The incidence of atrial fibrillation increases with age, but it is unknown whether there are changes in the intrinsic function of Na+ currents in cells of the aged atria. Thus, we studied right (RA) and left (LA) atrial cells from two groups of dogs, adult and aged (>8 yr), to determine the change in Na+ currents with age. In this study all dogs were in normal sinus rhythm. Whole cell voltage clamp techniques were used to compare the Na+ currents in the two cell groups. Immunocytochemical studies were completed for the Na+ channel protein Nav1.5 to determine whether there was structural remodeling of this protein with age. In cells from aged animals, we found that Na+ currents are similar to those we measured in adult atria. However, Na+ current (INa) density of the aged atria differed depending on the atrial chamber with LA cell currents being larger than RA cell currents. Thus with age, the difference in INa density between atrial chambers remains. INa kinetic differences between aged and adult cells included a significant acceleration into the inactivated state and an enhanced use-dependent decrease in peak current in aged RA cells. Finally, there is no structural remodeling of the cardiac Na+ channel protein Nav1.5 in the aged atrial cell. In conclusion, with age there is no change in INa density, but there are subtle kinetic differences contributing to slight enhancement of use dependence. There is no structural remodeling of the fast Na+ current protein with age.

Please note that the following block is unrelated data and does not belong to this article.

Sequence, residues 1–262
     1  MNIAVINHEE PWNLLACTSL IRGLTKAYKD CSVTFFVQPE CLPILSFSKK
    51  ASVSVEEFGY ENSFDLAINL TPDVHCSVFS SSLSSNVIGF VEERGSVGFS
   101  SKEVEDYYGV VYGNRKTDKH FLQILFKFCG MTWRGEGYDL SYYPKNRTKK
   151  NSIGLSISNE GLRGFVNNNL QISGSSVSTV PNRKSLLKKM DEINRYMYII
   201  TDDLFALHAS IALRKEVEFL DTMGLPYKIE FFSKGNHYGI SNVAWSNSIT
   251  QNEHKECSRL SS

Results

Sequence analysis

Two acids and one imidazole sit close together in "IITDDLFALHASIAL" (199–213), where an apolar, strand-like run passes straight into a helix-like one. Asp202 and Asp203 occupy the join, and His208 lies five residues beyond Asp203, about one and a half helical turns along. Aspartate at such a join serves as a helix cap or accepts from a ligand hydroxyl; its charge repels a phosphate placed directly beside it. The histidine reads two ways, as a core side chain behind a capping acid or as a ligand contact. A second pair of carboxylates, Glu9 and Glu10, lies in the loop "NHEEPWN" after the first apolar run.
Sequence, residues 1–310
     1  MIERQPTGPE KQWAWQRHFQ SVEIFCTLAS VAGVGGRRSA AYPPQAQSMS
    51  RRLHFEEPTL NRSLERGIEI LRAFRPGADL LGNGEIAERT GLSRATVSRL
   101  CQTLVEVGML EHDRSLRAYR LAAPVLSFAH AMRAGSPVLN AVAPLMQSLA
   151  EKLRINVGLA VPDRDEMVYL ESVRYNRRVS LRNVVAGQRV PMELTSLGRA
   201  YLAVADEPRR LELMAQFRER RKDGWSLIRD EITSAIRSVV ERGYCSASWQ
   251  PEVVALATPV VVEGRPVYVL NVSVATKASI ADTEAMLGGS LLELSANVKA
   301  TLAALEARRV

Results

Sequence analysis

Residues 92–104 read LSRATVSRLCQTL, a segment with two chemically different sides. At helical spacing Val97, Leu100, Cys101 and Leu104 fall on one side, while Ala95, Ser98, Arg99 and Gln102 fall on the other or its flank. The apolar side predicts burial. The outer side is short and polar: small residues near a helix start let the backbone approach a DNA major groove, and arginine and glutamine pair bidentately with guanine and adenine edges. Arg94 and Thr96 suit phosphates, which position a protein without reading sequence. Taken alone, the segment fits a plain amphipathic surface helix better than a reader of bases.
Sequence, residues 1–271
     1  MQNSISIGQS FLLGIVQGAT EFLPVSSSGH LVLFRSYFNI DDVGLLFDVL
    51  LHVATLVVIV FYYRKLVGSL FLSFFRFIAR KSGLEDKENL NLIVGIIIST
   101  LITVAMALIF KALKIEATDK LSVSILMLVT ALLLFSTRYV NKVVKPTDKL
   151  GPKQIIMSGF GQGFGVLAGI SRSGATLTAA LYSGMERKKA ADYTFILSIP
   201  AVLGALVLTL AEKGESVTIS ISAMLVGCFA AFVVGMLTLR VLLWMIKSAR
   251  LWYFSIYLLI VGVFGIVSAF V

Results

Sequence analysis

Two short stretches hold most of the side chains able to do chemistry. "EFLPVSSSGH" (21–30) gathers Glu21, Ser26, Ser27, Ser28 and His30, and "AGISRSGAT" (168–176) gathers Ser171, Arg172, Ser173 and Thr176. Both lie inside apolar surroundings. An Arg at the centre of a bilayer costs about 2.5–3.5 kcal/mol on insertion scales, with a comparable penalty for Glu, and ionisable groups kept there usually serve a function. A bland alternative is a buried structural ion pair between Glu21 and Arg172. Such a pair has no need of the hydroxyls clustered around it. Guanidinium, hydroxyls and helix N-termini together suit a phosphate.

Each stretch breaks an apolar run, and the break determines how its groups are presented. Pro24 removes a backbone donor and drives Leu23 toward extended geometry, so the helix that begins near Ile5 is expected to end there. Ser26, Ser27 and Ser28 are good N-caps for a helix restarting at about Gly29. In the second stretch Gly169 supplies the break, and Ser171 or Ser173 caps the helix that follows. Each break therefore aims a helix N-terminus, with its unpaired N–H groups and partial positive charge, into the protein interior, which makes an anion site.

- ion channels
- atrial fibrillation
atrial fibrillation occurs very often in the elderly patient. Recently, we have learned that aging alone is associated with significant heterogeneity of the atrial action potential (AP) duration (APD) and conduction parameters (1, 2, 8, 11). In adult and old dogs, aging is associated with a significant increase in P-wave duration, a reduction in maximum upstroke velocity (Vmax), and total AP amplitude as well as a significant interregional variability of Vmax (1). These data suggest that aging-associated changes in ionic currents underlying Vmax of these multicellular AP studies may be spatially heterogeneous. Accordingly, because a major contributor of Vmax is the fast Na+ current (INa), we studied the Na+ currents of right (RA) and left (LA) atrial cells of adult dogs and compared them to those of RA and LA cells from aged dogs (>8 yr) to see whether intrinsic changes in Na+ currents could contribute to age-related changes in atrial electrophysiology.
This investigation conforms with the Guide for the Care and Use of Laboratory Animals, published by the National Institutes of Health (NIH Publication No. 85-23, Revised 1996). All protocols were reviewed and approved by the Institutional Animal Care and Use Committee. Dogs were anesthetized with pentobarbital sodium (30 mg/kg iv) and hearts removed via a thoracotomy. A section of one region, RA freewall, was excised for myocyte studies to minimize the known heterogeneity in regional ion channel function reported for normal canine atria (7). RA tissues were removed from adjacent sites for study of cellular electrophysiological properties. AP data have been reported previously (1, 2). From the same heart, a section of LA freewall was excised for studies of LA cell INa function.